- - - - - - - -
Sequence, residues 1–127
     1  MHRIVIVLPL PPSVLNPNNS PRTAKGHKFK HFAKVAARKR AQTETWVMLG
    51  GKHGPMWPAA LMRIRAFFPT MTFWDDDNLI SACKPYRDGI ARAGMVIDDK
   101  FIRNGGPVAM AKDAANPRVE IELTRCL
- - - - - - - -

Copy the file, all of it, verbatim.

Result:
Sequence, residues 1–127
     1  MHRIVIVLPL PPSVLNPNNS PRTAKGHKFK HFAKVAARKR AQTETWVMLG
    51  GKHGPMWPAA LMRIRAFFPT MTFWDDDNLI SACKPYRDGI ARAGMVIDDK
   101  FIRNGGPVAM AKDAANPRVE IELTRCL